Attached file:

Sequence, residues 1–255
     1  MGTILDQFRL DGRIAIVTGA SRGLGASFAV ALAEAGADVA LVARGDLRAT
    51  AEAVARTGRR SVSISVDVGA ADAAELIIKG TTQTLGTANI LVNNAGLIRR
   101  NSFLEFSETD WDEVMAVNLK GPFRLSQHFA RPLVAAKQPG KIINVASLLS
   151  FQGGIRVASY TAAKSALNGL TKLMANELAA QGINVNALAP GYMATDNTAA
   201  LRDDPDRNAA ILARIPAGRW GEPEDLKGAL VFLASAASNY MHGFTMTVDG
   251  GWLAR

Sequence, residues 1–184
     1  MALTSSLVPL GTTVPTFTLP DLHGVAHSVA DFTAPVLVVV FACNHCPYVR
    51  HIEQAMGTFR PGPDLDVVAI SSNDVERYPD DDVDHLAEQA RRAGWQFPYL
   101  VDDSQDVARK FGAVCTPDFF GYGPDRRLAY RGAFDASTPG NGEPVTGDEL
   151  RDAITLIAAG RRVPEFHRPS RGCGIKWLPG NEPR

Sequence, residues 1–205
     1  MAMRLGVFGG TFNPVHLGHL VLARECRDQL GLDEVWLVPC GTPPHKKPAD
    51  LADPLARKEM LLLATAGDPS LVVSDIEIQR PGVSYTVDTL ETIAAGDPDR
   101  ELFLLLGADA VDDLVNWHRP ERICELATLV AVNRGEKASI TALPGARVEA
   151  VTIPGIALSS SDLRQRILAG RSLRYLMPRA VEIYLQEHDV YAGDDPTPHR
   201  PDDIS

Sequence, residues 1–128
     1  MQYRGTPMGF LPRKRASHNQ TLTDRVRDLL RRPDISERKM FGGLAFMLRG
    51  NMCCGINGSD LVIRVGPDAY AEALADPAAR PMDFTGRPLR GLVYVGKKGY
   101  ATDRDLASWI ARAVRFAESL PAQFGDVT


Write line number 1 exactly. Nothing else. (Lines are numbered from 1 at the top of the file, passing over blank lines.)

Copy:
Sequence, residues 1–255